While this “macro strategy” of pay equity studies is an important strategy for the profession, individuals should pursue a “micro strategy,” educating themselves about their potential work environment and the city, state and region in which they live and work. Each job seeker should take a few relatively simple steps to discover what they might make as compensation in a given organization. These steps will be discussed later, but before proceeding further about how to discover library salary information, I would like to make several points. I believe it is clear that all librarians and library workers are underpaid. However, we need to get over our reticence about talking about salary. If we don’t know the facts, how can we possibly advocate for change? Plus, we need to know about individual salaries if we are ever going to be able to negotiate for more money, based on pay equity or by direct comparison within our own market. Survey information will not be specific enough to bolster individual salary negotiations. Information is power; we help others find and use it, we need to do it for ourselves as well.
For most, the job seeking and negotiating salary and benefits process can seem like a daunting task. There are reference books and research techniques which if carefully and thoughtfully applied, will make the search for good positions in the library world much more manageable than in the past. However, it is a time-consuming process. An entire day spent at the library may now sometimes be accomplished in a much shorter time on the Internet. Entrepreneurs have rushed in to fill the desire to give us this information quickly. Naturally, people looking for work find it easy to first consult the Web.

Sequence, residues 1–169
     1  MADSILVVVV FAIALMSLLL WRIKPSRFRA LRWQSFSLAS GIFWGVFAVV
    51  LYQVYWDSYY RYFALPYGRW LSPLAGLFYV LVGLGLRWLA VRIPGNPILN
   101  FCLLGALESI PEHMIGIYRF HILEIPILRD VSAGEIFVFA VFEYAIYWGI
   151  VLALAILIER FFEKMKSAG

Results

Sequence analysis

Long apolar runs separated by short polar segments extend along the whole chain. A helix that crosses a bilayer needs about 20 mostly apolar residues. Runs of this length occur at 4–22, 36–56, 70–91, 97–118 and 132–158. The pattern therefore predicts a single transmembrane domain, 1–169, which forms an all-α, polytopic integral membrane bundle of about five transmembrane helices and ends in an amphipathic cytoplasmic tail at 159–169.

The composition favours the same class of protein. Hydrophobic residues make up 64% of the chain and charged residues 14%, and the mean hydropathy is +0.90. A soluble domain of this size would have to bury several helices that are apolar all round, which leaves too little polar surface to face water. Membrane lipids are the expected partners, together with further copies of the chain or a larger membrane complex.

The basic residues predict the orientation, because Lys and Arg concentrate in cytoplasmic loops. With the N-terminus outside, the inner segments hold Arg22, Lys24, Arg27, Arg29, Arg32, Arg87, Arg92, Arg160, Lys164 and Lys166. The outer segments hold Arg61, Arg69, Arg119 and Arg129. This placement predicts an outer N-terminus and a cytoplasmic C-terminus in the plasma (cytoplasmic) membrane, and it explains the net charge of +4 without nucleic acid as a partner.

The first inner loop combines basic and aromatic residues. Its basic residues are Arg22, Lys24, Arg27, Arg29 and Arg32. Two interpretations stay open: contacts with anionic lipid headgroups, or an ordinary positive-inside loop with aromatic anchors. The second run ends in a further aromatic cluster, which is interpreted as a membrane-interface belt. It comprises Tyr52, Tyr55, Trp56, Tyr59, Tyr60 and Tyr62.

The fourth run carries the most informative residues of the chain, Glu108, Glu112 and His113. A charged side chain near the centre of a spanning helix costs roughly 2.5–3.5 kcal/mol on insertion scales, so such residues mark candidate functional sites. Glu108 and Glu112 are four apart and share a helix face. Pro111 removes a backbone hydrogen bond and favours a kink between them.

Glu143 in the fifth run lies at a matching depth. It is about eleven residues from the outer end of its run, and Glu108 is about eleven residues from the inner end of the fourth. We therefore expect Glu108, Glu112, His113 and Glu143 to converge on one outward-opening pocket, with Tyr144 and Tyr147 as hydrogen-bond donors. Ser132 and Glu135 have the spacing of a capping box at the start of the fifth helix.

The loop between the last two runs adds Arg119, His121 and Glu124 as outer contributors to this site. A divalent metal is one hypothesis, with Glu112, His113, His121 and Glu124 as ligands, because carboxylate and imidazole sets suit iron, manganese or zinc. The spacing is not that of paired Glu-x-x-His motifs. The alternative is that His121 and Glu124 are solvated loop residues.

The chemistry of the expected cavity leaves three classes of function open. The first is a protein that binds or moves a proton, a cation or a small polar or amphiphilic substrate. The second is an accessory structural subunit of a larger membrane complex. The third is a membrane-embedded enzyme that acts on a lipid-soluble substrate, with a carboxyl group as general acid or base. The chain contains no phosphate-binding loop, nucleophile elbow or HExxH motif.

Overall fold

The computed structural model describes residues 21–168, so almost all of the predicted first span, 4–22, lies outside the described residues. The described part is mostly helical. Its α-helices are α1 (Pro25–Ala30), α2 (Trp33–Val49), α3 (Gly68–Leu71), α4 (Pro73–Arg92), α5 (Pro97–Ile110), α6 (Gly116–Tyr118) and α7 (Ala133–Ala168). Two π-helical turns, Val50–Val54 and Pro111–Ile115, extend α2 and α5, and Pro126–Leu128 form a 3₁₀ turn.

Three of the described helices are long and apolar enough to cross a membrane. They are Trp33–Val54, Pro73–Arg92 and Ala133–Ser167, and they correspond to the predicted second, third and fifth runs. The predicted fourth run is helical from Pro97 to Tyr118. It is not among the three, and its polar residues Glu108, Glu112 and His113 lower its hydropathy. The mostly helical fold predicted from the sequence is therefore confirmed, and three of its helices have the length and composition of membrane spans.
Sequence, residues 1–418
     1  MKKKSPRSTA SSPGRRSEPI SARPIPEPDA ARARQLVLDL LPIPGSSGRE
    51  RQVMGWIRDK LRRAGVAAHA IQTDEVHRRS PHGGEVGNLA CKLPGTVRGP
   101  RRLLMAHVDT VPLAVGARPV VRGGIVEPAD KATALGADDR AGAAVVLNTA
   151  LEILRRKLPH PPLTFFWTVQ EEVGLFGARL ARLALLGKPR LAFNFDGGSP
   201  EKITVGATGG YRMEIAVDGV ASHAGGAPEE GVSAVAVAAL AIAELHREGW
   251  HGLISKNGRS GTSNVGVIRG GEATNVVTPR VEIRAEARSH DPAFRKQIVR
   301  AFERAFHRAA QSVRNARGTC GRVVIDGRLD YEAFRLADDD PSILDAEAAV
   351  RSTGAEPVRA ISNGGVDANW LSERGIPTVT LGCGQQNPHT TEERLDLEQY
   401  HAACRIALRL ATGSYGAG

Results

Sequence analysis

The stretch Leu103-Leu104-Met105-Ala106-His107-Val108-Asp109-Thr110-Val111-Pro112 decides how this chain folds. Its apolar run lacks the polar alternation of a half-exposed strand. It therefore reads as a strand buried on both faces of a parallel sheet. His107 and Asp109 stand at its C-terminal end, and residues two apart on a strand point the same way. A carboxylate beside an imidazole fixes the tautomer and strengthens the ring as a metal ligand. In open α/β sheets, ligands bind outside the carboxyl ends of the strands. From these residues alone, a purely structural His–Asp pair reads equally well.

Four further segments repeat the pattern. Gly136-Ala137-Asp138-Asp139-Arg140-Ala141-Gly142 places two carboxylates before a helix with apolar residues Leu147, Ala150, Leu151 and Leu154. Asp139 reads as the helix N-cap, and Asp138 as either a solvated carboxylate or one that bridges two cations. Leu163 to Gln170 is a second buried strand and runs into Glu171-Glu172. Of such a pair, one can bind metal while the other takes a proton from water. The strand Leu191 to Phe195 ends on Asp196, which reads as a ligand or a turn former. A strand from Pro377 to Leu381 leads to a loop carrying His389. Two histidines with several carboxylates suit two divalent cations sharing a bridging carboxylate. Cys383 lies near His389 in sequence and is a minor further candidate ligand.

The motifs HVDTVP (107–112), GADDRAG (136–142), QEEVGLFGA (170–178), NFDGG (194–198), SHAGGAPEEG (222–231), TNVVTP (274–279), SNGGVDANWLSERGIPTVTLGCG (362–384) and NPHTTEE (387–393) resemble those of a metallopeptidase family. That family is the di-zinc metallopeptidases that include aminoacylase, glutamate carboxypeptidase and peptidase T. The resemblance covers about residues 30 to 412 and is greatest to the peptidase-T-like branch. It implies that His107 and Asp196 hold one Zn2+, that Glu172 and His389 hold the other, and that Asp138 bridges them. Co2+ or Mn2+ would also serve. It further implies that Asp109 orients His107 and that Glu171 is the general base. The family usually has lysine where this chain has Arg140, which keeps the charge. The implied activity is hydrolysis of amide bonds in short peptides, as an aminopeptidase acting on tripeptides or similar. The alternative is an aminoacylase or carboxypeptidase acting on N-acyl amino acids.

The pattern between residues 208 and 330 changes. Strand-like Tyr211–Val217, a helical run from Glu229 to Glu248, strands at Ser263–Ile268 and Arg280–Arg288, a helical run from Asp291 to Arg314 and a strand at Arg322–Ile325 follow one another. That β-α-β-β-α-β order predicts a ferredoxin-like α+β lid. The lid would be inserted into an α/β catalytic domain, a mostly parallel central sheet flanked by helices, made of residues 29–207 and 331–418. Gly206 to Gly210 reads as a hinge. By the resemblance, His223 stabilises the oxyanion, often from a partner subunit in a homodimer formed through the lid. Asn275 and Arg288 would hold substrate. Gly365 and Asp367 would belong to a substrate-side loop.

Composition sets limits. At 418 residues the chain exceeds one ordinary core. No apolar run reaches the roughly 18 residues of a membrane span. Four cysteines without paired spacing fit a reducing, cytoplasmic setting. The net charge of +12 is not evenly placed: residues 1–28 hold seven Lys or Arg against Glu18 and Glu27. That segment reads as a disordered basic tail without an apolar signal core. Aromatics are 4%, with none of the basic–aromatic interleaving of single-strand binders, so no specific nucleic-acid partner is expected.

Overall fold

Job posting and salary information can be accessed on several popular Web sites. Sarah Johnson and Rachel Singer Gordon oversee two of the best Web sites for library job announcements: Library Job Postings on the Internet; and Jobs for Librarians and Information Professionals, respectively. Another career information-oriented librarian with a great deal of experience in this area is Margaret Riley, Webmaster of The Riley Guide: Employment Opportunities and Job Resources on the Internet. The Riley Guide includes a section reporting an HR Professional’s evaluation of the Salary.com Personal Salary Report. Unfortunately, many library job notices simply mention something like “salary commensurate with education and experience.” Some mention a range, which can be a little more helpful, especially if you are just getting out of library school or are a highly experienced veteran, but the vast majority in the middle of the bell curve will not have much to go on when they start to negotiate in the middle of that range.